In the not-too-distant future we might all be able to walk around an office to a ‘personalised bio-soundscape’ to boost our mood and creativity. The sound of falling rain perhaps. Or the gentle rolling of waves. Eye of the Tiger before really important meetings. Or that song from Chariots of Fire when you arrive in the morning. Anyway… the point is that workplace noise is having its moment in the spotlight.
For many people, lockdown working managed to oscillate between either eerie quiet or feeling like you were in the middle of a playground. It left us, the collective workforce, hypersensitive to sounds. We are also on far more video calls than ever before, which requires people to speak more loudly than if they were just having a normal conversation with the person next to them.
As the focus of office design shifts from mere visuals to an immersive ‘experience‘, people are becoming more conscious of the effect workplace soundscape can have. It’s not just about productivity and time management, but also the overall happiness of employees.
Experience designer Layne Braunstein has a clear vision of the future, and it involves wearing a ring with biosensors. She sets out the scenario: “You walk into an office building on the day of a big client meeting. You’re feeling anxious […] Slip on an electronic ring provided by the receptionist, and a soothing sound that seemingly only you can hear begins to envelope your space.”
Through AI, sensors in office lobbies and in the ring, and directional speakers, she has created a building that can read people’s moods and then generate a personalised soundtrack to fit it. This may sound futuristic, but is this where the office is heading?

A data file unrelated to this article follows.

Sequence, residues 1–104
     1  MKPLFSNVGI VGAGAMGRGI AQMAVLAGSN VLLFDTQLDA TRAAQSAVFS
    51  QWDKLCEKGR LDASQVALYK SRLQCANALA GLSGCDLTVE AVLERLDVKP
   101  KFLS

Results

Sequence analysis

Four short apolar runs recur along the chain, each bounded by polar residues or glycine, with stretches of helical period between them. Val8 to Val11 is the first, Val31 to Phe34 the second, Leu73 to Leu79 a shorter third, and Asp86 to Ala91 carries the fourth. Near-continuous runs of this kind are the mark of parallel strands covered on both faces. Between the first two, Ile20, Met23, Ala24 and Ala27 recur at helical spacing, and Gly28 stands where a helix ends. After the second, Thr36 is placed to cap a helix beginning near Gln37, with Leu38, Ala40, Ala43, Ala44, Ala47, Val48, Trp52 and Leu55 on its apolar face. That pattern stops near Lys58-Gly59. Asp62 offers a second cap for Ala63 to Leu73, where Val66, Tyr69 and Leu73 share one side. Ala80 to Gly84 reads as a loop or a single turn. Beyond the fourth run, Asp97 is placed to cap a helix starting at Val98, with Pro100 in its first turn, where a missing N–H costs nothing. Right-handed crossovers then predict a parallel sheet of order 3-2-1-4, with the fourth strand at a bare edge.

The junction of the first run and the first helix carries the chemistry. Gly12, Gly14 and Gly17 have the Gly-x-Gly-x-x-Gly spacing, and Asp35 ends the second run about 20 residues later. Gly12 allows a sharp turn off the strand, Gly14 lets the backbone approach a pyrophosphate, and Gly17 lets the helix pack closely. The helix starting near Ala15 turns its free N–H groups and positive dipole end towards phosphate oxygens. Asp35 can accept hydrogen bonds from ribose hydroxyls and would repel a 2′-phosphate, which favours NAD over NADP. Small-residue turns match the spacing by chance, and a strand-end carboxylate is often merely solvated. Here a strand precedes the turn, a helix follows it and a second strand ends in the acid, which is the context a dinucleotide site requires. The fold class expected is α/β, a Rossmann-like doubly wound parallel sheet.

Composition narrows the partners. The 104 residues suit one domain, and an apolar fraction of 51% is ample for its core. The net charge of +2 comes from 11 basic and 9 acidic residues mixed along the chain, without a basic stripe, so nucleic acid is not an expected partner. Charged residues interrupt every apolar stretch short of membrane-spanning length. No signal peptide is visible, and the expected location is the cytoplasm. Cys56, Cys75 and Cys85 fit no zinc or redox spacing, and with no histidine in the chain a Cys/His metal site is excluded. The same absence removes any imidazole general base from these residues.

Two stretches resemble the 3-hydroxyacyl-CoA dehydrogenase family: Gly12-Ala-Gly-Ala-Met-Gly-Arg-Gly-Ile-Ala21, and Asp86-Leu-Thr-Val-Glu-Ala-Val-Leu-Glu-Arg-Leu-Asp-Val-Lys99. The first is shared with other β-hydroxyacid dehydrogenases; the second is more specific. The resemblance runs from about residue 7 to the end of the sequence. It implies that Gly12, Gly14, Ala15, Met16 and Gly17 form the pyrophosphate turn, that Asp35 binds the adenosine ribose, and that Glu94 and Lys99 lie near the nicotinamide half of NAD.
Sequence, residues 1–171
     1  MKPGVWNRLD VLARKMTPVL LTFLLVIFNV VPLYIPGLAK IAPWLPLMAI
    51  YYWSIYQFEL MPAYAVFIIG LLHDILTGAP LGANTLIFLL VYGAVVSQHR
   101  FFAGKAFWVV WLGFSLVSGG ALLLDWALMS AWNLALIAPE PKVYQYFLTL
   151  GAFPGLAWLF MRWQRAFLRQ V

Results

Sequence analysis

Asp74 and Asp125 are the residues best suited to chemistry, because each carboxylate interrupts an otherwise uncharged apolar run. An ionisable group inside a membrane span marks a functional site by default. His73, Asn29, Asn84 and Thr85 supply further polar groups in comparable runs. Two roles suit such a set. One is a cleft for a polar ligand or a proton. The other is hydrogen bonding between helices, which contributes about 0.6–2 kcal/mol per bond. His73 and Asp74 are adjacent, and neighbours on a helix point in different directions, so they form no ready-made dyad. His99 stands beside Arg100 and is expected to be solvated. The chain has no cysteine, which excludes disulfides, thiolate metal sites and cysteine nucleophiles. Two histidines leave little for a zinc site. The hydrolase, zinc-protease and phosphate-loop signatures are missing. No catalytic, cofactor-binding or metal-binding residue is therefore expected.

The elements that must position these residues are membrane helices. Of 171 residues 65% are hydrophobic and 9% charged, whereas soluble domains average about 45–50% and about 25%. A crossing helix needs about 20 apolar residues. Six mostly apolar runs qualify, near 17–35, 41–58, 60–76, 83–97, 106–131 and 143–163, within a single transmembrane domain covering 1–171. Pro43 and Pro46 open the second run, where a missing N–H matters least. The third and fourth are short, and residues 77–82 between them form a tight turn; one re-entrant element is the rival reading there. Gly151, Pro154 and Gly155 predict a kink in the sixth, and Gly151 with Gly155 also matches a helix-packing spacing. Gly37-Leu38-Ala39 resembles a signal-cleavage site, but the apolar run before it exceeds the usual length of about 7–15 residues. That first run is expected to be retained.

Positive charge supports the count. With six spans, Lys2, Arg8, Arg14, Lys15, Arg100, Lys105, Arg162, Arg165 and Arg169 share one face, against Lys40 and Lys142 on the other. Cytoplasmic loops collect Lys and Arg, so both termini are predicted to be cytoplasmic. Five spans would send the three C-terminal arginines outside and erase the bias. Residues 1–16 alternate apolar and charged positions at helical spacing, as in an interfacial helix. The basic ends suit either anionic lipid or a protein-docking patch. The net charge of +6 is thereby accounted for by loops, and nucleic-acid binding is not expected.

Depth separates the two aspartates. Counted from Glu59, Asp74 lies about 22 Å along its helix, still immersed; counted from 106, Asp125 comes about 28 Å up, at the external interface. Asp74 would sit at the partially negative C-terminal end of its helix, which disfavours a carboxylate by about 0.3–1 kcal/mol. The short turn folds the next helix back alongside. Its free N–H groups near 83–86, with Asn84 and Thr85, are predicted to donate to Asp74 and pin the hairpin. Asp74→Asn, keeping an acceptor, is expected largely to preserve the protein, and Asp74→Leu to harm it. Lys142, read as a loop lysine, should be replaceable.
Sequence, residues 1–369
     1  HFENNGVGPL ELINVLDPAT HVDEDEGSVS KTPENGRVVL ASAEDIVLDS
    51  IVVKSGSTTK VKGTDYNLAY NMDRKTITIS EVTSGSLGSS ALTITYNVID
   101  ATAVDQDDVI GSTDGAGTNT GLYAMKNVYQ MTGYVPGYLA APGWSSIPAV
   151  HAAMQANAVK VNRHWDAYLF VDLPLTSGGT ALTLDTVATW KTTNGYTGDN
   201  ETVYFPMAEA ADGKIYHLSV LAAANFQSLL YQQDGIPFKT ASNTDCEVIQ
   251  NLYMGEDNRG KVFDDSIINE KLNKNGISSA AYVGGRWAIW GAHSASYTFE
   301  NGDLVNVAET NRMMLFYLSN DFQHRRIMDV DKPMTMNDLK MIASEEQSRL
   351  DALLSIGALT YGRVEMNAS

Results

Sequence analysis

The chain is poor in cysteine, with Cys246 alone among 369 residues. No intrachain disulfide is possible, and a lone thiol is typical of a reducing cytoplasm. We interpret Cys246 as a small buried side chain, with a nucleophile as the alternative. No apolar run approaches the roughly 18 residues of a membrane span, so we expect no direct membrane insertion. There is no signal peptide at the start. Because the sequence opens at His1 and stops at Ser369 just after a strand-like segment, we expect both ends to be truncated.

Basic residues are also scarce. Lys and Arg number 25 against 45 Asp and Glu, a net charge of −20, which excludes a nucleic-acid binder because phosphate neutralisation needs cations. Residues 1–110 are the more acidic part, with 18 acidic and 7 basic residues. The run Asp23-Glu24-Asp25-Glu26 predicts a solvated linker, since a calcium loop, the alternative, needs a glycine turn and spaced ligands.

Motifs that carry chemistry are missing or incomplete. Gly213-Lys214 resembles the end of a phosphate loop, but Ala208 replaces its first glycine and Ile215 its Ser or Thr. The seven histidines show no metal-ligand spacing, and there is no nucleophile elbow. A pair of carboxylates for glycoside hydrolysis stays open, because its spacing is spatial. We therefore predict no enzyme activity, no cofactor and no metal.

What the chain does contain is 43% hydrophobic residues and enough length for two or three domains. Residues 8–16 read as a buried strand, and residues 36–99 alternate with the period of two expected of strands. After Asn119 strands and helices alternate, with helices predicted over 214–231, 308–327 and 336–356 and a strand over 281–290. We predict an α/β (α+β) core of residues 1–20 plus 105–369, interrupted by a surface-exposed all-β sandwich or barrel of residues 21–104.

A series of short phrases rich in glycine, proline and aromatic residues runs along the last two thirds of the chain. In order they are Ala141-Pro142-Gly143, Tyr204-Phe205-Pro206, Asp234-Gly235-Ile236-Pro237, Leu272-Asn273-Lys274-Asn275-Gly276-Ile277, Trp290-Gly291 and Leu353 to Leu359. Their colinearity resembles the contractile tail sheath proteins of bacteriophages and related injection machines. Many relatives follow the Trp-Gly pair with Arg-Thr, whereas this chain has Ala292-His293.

In the zone
Of course many offices already have music playing. But what’s motivating to one person is mind bending for another, so this notion of a personalised soundtrack has a growing appeal. Until directional speakers and mood sensors become widely available technology though, paying attention to office design can help employers ensure noise doesn’t negatively impact their workers.
For people coming into a head office now (as opposed to working closer to home) there has to be a meaningful gain from it. At its most simplistic level, there need to be areas where workers can concentrate. Trends in modern office design are often now focussed on creating zones that people can use to fit their needs at any given time. That’s why at Spaces we offer a range of places within each office — like the café-delis, or cosy booths. There are living room style areas with music and private offices for phone calls or those moments where you need to get your head down. There are big open spaces too, if you’re one of those people who thrives off a bit of background bustle. As Microsoft’s Global Workplace Services’ CVP Michael Ford says: “You must design workplaces with enough flexibility to support every employee. A mix of quiet places, collaboration areas, and touch-down locations helps ensure everyone can be connected, engaged, and productive.”
Bosses at Meta created their own version of a flexible, agile workplace, and true to form, it sits on the quirkier side of standard. When staff complained about the post-lockdown raised noise levels, bosses brought in sound architects to help fix it. In came The Cube – a moveable, curving screen, made from recycled PET plastic, which can absorb much of the sound that strikes it. It allows workers to build their own cubicles (like the ones that were all the rage in the 80s), and then dismantle them when the meeting finishes or the work is done.
According to the Wall Street Journal, Meta is also ‘testing a system that plays ambient noises ranging from footsteps on pebbles to waves crashing’ to help mask other people’s conversations and adding carpets and sound absorbing ceiling tiles to dampen the sounds.
The thing is though, creating the right atmosphere by dampening voices, muting conversations, and introducing soundscapes all sounds like a tricky balancing act. A more immediate approach, and arguably a more simplistic one, is to provide your employees with a choice of places to work, not just within a single office, but in a number of offices in a variety of different locations. Mood, stress, workload – it’s all variable and there is no one size fits all way to deal with it. But by providing choice you can give your employees room to build their own perfect working environment, and that’s always when the best work is done.
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